The real estate story of Sonos Inc., a maker of slick, wireless hi-fi systems, starts with the kind of setting you might expect — four employees toiling in a cramped office in Cambridge’s tech-dominated Kendall Square.
But as the company grew, the story took an unusual turn.
Instead of expanding in Kendall Square with the Googles and Amazons of the world, Sonos recently signed a lease to move into 170,000 square feet in Lafayette City Center, a downtown Boston office complex that long served as back-office space for State Street Corp.
“Once we saw Lafayette, it was clear to me that it was the best place for us,” said Andrew Schulert, vice president of quality at Sonos, which employs 375 people.
What Schulert saw was a resurgent real estate market in Downtown Crossing, where hip technology companies are joining new retail shops, restaurants, and upscale residential buildings. The interest among tech firms has benefited downtown landlords who are trying to replace dated department stores and other tenants that have left the area.
“We’ve really been able to take advantage of a the complete transformation of downtown and the perception of downtown,” said David Epstein, president of the Abbey Group, which owns Lafayette City Center.
In addition to Sonos, Abbey Group has signed a lease with Carbonite, a maker of IT protection software for businesses that is expected to move into Lafayette City Center next month. That company will occupy about 53,000 square feet.
Danielle Sheer, vice president and general counsel for Carbonite, said she has not been around long enough to remember the old Combat Zone, a crime-infested collection of bars and strip clubs that once operated on streets near Lafayette City Center. Most of those businesses have been replaced by new restaurants and upscale residences.
“It feels like Tribeca in Manhattan now,” she said. “It’s gotten much cooler.”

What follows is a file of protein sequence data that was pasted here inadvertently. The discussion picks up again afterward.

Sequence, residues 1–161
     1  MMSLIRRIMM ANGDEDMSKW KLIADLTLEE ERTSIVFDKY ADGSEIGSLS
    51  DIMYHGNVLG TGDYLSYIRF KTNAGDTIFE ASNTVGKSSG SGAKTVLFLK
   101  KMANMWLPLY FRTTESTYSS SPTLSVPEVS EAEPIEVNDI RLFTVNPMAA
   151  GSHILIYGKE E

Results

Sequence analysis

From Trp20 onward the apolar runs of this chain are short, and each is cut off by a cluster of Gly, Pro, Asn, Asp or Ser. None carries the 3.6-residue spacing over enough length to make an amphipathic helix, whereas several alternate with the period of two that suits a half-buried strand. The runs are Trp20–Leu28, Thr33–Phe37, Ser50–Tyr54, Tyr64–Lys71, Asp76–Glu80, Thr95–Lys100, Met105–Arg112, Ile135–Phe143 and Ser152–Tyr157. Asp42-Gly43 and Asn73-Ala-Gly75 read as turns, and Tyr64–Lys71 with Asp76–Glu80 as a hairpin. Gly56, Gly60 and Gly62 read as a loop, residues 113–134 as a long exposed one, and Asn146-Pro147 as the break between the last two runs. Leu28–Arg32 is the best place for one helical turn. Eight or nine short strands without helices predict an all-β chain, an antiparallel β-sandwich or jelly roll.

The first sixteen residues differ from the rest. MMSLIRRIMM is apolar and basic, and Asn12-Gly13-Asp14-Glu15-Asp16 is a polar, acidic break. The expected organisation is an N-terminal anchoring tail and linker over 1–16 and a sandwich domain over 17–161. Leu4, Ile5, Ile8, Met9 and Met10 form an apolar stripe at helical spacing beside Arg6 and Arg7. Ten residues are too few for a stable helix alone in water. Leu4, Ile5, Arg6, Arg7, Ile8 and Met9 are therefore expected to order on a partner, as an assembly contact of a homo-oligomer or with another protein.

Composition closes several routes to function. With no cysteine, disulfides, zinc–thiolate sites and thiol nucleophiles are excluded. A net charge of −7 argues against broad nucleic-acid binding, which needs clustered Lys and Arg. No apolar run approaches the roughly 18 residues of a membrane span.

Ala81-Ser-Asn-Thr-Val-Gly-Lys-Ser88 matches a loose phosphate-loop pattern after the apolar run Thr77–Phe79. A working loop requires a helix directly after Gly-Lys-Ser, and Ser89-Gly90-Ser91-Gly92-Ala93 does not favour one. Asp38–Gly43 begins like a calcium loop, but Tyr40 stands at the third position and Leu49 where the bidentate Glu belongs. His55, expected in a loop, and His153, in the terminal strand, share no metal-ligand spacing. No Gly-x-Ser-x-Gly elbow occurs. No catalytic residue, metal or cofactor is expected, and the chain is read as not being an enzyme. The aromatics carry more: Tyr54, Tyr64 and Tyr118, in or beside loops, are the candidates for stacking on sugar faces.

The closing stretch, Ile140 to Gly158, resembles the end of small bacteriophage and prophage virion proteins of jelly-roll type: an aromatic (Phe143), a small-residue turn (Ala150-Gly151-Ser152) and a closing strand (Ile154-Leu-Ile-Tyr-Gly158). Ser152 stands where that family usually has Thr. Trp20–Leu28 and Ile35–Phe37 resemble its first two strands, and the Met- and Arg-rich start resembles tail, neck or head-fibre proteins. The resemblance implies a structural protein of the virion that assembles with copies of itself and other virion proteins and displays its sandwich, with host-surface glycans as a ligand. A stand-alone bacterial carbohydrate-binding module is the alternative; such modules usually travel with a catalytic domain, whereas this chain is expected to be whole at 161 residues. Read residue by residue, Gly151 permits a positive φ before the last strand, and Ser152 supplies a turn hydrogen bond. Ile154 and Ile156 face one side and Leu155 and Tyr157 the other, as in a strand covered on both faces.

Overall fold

Down the street, the advertising company Arnold Worldwide has moved into the former Filene’s department store at the corner of Washington and Summer streets, where 600 employees have brought a welcome burst of activity to the long-dormant property.
The property’s developer, Millennium Partners, is also building a 60-story condominium and retail tower that will create a new center of gravity in the district.
The area’s revival has occurred in fits and starts over the years, as it steadily attracted redevelopment activity. First it got new theaters, residences, and retail stores. Now, with the office market making a comeback, it is getting attention from a wide array of technology companies that are looking for alternatives to Kendall Square and Boston’s Innovation District. Many have been priced out of those areas or simply couldn’t find enough space to meet their needs.
Among the technology companies to move to the area recently are the online gaming company WorldWinner, digital marketer Localytics, and SS&C Technologies, a maker of software for financial services companies.
Sonos is by far the largest of those tenants. It will occupy two floors of the six-story building, with an option to expand in coming years. Schulert said the building offered easy access to the subway’s Red Line as well as the size and flexibility to accommodate a 50,000-square-foot hardware lab.
“We’re trying to retain and attract the best people, and providing a great environment will help us do that,” he said. “Kendall Square and the Innovation District are both great, but they are getting kind of full, and Downtown Crossing was just an obvious place for us to go.”